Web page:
While films of today and films from the first half of the 20th century both prove to be equally entertaining there are many striking differences between the two, from cinematography, to the lighting, to the screenplays themselves. With the overwhelming special effects and fast moving multi angled action sequences and the energetic romantic comedies of today, films from the early part of the century may be looked upon as passé. However, auteurs like Charlie Chaplin and John Huston, two great filmmakers of their time, helped pave the way for modern day writer/directors like Martin Scorsese and George Lucas. .
"Gold Rush- a film starring, written, and directed by Charlie Chaplin, made in 1925, is an example of a film made at the dawn of the motion picture and can be easily contrasted with films of today. For example the use of the camera and camera angles are extremely different in that Chaplin used only one stationary camera that actors walked in front of. Much unlike films of today such as, "Gladiator-, where it seems like the camera is the eyes of a soldier on the battlefield. Similarly, where Chaplin used the close up to depict pain and suffering in a character's face, modern day directors will use graphic or violent scenes to portray what is perceived as realism and emotion. In regard to sets and special effects, it is impossible to expect Chaplin's silent films to live up to extravagancy or the ability of the computer or on location filming of today; however, he utilized creativity and the technology of the day to create unbelievably realistic backdrops. For example, the fake snow that would blow in to the cabin or the scene where the cabin is on the edge of the snowy cliff did not seem at all out of place or completely unrealistic. .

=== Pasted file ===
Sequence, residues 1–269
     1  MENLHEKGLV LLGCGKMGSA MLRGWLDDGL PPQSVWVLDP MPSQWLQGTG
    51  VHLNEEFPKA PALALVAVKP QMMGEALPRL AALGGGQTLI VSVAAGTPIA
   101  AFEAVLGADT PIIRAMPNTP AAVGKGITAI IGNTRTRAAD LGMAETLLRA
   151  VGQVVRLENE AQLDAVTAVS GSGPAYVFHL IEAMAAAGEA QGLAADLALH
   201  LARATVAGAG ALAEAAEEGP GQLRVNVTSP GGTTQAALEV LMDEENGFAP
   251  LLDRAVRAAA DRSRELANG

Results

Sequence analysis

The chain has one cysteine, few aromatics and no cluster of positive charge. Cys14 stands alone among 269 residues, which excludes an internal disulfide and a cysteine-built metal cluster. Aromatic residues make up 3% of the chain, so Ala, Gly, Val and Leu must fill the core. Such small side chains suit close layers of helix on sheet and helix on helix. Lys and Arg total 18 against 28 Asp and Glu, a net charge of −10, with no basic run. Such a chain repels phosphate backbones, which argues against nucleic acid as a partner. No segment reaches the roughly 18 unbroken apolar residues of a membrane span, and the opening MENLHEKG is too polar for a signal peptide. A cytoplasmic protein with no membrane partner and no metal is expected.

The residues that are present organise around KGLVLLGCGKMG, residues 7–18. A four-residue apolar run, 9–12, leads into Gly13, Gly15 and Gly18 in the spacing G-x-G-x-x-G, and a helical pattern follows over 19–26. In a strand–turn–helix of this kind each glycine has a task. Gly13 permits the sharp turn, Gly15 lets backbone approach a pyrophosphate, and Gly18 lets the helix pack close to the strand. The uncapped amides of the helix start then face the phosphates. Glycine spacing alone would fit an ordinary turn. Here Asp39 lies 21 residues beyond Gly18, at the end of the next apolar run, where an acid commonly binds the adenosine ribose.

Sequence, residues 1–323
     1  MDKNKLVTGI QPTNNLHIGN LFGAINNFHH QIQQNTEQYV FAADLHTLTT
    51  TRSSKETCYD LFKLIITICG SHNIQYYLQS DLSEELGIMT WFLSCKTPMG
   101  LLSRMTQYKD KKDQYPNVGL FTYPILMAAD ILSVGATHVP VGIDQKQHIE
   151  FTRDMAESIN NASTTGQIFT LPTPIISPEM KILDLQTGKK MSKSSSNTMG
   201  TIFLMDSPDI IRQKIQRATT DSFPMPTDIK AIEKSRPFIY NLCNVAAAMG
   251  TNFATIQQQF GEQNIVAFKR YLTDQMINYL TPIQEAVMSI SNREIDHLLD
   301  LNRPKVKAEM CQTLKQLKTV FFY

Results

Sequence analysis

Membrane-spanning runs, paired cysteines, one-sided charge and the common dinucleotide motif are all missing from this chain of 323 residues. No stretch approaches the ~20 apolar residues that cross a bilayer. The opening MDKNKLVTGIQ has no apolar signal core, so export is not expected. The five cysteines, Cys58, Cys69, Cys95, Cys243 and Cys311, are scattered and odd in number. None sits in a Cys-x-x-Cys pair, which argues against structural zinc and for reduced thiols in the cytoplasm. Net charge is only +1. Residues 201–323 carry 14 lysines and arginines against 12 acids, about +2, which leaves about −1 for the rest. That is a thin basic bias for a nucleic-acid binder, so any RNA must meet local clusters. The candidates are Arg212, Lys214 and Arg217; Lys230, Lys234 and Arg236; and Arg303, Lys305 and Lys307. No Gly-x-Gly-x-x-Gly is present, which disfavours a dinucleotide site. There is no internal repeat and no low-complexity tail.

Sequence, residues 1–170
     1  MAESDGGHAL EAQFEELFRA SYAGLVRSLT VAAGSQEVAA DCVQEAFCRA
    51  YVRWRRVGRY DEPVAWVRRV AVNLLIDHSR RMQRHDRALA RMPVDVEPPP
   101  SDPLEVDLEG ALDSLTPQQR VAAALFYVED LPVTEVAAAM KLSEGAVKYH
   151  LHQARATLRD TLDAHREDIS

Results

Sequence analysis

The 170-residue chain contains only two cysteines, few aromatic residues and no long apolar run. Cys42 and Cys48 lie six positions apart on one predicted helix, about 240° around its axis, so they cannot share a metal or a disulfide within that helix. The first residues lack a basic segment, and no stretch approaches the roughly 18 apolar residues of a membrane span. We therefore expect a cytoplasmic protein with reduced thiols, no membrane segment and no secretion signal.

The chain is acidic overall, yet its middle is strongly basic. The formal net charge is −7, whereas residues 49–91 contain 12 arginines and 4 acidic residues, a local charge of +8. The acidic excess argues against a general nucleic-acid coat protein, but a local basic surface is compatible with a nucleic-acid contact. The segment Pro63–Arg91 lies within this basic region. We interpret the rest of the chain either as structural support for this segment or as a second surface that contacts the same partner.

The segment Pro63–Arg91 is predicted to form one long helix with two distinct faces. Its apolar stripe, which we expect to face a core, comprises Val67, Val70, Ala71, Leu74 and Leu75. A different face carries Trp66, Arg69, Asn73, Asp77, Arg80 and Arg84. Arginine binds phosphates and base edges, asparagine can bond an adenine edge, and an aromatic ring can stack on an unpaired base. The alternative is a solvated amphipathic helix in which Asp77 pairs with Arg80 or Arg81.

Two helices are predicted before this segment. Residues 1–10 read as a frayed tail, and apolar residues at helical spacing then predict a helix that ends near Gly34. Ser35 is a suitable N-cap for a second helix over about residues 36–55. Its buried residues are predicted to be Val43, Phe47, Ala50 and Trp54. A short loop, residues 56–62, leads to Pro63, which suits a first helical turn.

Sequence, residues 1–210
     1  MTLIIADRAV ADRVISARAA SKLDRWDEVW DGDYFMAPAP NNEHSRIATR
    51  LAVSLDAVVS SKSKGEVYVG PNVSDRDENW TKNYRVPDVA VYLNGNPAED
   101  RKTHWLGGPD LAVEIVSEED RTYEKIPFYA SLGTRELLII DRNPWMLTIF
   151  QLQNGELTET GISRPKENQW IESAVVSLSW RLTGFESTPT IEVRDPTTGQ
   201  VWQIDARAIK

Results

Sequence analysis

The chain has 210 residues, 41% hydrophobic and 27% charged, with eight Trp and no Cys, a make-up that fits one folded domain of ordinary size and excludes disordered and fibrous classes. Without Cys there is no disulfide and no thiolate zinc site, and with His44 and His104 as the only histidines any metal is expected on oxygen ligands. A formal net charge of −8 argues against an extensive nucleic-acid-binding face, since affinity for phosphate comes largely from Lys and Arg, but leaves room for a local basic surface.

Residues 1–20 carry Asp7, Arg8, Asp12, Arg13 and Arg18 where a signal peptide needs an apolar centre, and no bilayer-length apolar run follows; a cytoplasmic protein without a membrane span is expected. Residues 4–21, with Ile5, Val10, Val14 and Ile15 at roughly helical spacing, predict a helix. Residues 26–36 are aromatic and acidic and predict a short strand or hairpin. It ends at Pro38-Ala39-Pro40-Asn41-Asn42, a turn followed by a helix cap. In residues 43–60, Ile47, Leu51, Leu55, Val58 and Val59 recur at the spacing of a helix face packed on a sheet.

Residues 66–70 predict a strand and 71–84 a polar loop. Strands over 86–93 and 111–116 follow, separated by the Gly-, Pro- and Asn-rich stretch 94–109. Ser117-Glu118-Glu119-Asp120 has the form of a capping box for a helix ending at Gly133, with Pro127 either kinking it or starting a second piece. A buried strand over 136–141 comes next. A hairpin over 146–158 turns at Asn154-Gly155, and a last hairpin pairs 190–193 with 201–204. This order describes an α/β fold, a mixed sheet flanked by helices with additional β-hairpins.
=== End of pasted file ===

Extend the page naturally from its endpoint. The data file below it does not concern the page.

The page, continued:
A second film, made in the middle of the 20th century yet just before the widespread use of the television was John Huston's (1948) "The Treasure of Sierra Madre.